An Employer’s Guide to Substance Abuse Policies

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Nearly 21 million Americans have substance abuse disorders, and three-fourths of them are employed, according to the U.S. Surgeon General. These statistics involve real people. If some of them work for you, the impact to your small or mid-sized business can be enormous.

Workers with substance use disorders miss nearly 50% more work than their peers do. Losses to companies due to employees’ drug- and alcohol-related abuse totals $100 billion a year. The losses can be more than financial. The National Council on Alcoholism and Drug Dependence reports that approximately 16% of emergency room patients injured at work had alcohol in their system, and that at least 11% of workplace fatality victims had been drinking.

Human Resources Suspected Drug and Alcohol Use at Work

Why Your Business Should Have a Drug and Alcohol Policy

Your business can’t control an employee’s drug or alcohol use. You may choose to assist workers who struggle with these issues, and your workplace certainly should have a substance abuse policy, which helps your company:

· Comply with potential legal and insurance requirements.

· Reduce workplace accidents and boost productivity.

· Provide a clear point of reference if the policy is challenged.

· Protect against some employee legal claims.

· Emphasize your commitment to a drug-free workplace and explain your position to employees.

What to Include in Your Substance Abuse Policy

An effective substance abuse policy includes:

· A statement of purpose and goals

· A stated expectation that every employee must abide by the policy provisions

· Other expectations and prohibitions

· Definitions of key terms

· Disciplinary consequences for anyone who violates the policy

Opioids int he Worplace - steps employers can take to reduce employee substance abuse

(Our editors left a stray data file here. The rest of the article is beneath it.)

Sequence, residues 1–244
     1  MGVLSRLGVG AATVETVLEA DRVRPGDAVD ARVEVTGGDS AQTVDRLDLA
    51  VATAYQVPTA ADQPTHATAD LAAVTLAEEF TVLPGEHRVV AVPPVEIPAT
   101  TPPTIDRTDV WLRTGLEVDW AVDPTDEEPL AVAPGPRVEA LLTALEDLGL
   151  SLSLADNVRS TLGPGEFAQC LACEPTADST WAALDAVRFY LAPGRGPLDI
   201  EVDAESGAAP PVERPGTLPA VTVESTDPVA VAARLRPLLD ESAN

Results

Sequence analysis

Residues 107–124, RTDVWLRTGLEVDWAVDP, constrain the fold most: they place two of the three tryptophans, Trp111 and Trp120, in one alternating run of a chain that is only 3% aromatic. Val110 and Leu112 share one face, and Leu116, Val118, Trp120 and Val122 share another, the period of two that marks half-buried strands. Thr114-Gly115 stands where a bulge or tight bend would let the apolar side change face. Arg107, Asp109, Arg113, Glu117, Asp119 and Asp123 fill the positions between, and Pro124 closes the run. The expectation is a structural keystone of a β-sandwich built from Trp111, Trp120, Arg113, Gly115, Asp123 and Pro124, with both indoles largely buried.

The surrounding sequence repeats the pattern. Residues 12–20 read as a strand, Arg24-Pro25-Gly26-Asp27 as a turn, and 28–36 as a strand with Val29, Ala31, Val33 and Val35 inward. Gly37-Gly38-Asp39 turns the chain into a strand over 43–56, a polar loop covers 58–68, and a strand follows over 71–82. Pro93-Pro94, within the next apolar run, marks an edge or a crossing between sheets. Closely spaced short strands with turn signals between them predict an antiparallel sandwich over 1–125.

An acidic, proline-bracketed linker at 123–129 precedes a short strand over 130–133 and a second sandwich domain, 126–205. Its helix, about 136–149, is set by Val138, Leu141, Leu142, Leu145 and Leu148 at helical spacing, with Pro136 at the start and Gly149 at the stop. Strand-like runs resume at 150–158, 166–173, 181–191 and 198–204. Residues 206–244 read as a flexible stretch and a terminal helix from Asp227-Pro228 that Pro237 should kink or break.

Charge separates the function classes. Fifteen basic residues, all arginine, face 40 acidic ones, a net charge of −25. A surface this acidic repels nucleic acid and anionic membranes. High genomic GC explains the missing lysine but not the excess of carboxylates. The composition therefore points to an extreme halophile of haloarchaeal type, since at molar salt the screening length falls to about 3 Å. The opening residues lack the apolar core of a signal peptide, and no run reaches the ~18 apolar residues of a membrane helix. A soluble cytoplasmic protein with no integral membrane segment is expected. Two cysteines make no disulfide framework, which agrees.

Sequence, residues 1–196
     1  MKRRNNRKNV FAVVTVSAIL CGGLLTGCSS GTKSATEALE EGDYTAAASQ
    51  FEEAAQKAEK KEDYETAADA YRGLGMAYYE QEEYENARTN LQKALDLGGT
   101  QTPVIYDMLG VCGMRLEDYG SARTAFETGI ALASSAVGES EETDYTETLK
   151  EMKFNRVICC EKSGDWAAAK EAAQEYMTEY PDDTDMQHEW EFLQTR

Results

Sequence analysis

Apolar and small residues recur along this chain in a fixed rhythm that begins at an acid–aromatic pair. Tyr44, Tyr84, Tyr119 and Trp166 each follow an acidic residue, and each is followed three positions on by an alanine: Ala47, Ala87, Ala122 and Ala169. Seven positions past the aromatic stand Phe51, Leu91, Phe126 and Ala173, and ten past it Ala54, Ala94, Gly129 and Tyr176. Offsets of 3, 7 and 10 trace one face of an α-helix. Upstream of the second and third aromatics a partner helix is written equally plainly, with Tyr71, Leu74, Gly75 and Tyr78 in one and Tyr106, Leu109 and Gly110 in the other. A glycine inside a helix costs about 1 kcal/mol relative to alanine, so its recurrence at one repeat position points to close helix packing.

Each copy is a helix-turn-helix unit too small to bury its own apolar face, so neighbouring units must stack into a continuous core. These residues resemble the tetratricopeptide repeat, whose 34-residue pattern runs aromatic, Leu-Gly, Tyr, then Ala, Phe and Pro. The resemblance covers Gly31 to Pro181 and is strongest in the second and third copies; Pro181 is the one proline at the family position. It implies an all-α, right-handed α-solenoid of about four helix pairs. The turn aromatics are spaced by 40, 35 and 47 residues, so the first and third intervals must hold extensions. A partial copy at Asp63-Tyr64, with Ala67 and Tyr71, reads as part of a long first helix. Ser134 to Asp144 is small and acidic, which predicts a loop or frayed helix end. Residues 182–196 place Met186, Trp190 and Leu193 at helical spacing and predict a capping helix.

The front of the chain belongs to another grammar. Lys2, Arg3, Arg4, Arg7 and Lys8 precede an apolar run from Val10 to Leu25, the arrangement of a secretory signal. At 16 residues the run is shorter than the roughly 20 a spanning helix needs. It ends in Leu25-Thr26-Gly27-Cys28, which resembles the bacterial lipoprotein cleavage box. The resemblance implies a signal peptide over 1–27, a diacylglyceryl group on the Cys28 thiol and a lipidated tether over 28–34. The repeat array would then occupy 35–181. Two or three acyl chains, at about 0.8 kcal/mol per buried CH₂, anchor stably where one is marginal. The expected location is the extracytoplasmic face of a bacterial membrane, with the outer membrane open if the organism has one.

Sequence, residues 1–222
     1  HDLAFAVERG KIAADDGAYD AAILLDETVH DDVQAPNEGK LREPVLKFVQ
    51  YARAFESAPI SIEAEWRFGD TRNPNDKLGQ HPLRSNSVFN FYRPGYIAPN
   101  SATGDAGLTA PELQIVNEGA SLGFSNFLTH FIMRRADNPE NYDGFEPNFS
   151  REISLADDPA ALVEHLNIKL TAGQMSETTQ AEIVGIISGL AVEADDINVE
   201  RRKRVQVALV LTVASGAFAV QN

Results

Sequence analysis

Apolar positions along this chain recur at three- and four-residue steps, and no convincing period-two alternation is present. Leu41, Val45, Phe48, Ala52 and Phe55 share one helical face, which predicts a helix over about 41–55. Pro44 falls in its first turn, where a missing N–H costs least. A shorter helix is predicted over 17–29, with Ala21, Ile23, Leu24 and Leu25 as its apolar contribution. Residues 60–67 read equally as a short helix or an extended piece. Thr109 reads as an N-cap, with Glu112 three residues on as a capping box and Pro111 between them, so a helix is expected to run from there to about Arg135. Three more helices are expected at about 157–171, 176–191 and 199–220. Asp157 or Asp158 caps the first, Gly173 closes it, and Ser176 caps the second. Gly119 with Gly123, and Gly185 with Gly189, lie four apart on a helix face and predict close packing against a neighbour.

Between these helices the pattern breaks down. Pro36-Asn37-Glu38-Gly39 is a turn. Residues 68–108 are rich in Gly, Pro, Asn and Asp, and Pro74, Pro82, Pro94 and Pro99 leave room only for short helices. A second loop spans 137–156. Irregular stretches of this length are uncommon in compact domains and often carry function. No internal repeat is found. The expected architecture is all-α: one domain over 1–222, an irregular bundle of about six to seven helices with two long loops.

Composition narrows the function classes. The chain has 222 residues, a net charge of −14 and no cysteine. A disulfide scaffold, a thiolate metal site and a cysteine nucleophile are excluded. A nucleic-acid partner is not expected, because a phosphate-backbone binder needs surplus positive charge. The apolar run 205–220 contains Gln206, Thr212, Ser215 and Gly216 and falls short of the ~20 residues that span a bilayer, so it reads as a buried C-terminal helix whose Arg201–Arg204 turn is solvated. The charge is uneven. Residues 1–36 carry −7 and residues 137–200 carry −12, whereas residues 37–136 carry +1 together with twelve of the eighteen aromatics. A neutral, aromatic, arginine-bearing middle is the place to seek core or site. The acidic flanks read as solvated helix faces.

Use language that clearly sets restrictions on the acceptable use or nonuse of specific substances in the workplace. Sometimes, including a short provision in your company’s employee handbook can suffice, so long as it is provided to and available to all staff members. Posting the information at worksites and on company intranets and including it in new employee orientation materials are other effective ways to disseminate a substance abuse policy.

Sample Substance Abuse Provision

While it’s a good idea to consult an HR expert or legal counsel before finalizing your policy, you may want to start with a short but clear-cut provision such as:

The illegal use, sale, possession, or distribution of drugs or the use, sale, possession or distribution of alcohol is improper during work, on Company property, or at Company functions and will be considered grounds for immediate termination. Employees are prohibited from reporting to work, or working, under the influence of drugs or alcohol. In addition to illegal drugs and alcohol, caution should be taken with the legal use of prescription, over-the-counter, or other legal drugs as they may affect your ability to perform your job duties. You are responsible for any instance where illegal drugs, alcohol, or even legal drugs impair your ability to perform your job duties. Use of a controlled substance is permitted so long as you take the recommended dosage as prescribed by a doctor who fully understands your job duties and the importance of safely performing them.

A substance abuse policy can help keep your workplace safe and employees informed about what constitutes appropriate behavior on the job. Clear, concise language will help employees readily understand the rules and expectations regarding controlled substances at work, helping them feel secure, engaged and valued.

Lacey Conner

Written by Lacey Conner